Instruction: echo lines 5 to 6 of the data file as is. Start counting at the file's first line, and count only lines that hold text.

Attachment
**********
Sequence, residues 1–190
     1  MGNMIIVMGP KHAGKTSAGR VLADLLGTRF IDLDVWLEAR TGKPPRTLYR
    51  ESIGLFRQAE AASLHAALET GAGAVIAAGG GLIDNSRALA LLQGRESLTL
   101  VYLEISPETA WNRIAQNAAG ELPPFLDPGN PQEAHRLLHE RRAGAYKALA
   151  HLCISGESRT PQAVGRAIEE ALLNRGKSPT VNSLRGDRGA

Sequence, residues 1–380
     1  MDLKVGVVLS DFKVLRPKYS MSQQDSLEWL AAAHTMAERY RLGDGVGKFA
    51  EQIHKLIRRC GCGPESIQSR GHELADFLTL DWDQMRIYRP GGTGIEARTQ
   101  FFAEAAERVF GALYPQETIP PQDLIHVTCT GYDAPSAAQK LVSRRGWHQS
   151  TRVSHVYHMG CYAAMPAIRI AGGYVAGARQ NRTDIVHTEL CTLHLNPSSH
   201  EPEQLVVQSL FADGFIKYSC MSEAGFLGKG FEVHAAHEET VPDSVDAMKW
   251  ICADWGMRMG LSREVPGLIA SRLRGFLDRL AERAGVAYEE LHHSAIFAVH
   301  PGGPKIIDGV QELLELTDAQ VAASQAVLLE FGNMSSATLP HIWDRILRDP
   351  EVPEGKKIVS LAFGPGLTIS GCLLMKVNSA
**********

   151  HLCISGESRT PQAVGRAIEE ALLNRGKSPT VNSLRGDRGA

Sequence, residues 1–380